Today’s capital economy not only structures society to assure a huge divide between have-gots and have-nots, it also structures our human psyches to divide us from our best capacities. Instead of spiritual beings predisposed to finding and expressing the love that unites us with one another and all Creation, the money-interest-property economy urges us to transcend ourselves by seeking more money. In this way it redefines greed from vice to virtue and proposes egoism, not the deeper spiritual Self, will bring us our richest life.
The “spirituality of money” that the above paragraph expresses is being increasingly critiqued by religious leaders and teachers. Ulrich Duchrow, a European friend of Jubilee Economics, writes about how this critique is unfolding in interfaith meetings around the globe (See his latest book, Transcending Greedy Money: Interreligious Solidarity for Just Relations, or read my review elsewhere on this website.)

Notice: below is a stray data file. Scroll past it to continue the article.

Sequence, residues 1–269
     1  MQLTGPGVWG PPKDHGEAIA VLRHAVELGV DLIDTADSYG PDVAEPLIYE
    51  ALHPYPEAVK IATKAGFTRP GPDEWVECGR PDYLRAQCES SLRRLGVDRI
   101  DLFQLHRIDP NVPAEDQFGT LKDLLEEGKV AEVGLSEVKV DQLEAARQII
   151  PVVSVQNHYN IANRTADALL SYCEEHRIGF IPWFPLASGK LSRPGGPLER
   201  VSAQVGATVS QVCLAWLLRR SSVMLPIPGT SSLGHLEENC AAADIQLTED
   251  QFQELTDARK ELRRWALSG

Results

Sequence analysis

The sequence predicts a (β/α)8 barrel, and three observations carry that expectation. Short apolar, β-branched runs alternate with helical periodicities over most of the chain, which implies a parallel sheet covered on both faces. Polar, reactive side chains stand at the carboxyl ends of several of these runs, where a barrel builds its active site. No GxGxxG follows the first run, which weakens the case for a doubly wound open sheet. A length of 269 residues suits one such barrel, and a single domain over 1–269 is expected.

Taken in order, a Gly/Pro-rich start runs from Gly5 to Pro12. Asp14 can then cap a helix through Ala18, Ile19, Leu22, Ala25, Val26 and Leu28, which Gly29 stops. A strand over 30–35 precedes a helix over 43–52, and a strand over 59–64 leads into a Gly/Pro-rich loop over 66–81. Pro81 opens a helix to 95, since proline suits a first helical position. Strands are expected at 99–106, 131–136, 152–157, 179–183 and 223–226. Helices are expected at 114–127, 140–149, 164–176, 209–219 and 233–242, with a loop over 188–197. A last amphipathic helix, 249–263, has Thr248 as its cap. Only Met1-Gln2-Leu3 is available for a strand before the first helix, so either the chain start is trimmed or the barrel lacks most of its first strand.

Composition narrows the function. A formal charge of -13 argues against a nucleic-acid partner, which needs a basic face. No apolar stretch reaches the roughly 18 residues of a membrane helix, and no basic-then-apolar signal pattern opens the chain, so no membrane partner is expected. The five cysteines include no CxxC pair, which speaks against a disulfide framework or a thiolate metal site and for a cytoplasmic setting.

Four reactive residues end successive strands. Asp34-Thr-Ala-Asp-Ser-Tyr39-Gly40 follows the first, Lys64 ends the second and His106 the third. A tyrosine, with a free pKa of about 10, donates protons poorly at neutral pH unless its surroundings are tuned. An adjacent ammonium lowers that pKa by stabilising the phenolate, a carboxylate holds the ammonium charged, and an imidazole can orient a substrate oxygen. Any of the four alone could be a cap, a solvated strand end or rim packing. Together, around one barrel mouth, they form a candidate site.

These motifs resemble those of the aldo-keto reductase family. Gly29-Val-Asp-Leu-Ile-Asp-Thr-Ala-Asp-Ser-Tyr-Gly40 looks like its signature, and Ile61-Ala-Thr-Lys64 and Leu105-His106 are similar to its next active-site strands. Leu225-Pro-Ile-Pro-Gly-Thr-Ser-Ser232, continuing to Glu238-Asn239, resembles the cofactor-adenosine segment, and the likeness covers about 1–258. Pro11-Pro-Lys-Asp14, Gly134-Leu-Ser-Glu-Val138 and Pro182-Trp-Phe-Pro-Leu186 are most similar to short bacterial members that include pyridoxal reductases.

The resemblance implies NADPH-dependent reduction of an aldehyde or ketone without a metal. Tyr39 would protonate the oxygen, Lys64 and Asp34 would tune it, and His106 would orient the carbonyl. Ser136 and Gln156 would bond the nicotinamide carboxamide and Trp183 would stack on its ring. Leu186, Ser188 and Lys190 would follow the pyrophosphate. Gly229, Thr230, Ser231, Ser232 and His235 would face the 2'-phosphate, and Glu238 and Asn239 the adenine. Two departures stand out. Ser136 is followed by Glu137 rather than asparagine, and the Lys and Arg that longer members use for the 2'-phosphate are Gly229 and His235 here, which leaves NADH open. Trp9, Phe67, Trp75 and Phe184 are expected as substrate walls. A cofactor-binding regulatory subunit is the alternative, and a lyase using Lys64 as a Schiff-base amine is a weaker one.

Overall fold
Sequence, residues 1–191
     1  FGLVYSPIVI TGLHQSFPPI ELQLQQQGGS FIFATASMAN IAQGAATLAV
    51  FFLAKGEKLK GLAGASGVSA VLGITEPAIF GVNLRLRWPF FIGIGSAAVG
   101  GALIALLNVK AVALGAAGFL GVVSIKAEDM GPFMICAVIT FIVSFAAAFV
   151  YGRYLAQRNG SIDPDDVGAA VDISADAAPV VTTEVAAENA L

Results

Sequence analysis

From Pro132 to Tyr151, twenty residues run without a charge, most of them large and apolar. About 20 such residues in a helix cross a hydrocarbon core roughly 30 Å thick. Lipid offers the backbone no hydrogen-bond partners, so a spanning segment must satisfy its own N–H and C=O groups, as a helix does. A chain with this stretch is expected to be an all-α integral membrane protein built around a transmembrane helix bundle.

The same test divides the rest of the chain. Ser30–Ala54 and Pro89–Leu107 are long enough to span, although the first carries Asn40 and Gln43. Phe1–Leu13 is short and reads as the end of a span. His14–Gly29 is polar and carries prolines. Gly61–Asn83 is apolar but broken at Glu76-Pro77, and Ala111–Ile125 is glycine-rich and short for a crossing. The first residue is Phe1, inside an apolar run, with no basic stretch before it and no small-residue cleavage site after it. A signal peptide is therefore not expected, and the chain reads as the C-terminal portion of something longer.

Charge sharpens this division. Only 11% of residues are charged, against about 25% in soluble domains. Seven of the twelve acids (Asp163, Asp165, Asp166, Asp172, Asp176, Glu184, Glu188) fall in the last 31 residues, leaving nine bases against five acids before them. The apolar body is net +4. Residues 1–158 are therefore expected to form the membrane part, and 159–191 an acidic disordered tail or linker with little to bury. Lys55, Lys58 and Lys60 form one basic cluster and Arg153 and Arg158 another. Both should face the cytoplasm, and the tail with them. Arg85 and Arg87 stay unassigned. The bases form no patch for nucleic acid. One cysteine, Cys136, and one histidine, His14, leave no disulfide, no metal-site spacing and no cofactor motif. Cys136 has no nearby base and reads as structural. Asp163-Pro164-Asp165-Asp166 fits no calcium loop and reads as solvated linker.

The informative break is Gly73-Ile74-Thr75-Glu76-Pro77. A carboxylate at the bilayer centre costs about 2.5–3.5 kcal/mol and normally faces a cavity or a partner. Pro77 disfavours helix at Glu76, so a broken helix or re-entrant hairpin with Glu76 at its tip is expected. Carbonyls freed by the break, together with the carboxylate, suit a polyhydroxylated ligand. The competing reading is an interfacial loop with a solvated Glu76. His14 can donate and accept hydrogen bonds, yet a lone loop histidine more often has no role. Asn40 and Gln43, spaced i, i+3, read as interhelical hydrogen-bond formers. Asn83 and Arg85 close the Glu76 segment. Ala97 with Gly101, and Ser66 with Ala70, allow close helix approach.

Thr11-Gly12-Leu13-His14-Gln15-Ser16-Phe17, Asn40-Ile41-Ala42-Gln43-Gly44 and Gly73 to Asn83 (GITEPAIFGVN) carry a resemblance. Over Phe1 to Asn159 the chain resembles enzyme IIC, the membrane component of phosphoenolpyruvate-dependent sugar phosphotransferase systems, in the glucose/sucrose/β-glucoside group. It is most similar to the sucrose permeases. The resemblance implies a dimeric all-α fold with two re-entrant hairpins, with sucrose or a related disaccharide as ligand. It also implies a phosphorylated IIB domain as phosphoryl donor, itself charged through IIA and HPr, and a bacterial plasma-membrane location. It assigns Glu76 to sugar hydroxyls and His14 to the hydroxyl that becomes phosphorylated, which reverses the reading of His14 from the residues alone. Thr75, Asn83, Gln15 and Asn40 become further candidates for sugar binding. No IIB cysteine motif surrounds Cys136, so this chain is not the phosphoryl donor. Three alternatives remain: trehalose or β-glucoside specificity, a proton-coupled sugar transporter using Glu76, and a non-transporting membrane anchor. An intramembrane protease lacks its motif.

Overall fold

Duchrow enthusiastically cites the work of Karl-Heinz Brodbeck, a Buddhist economist, as one example among many who have come to see that modernity as a whole, and the global capital economy in particular, are belief systems that have been chosen by those in power and designed to their advantage. As Brodbeck speaks out of his Buddhist spirituality, he urges us to detach from the assumptions on which the modern capital belief system proceeds and to connect deeply with the power of spirit that is available to us and most to be trusted for escaping the illusion that “More” will save or satisfy us.
Having applauded Brodbeck, Duchrow summarizes: “If we want to change the system, we have, at the same time, to motivate people to be transformed in their consciousness, transcending the spirituality of money.”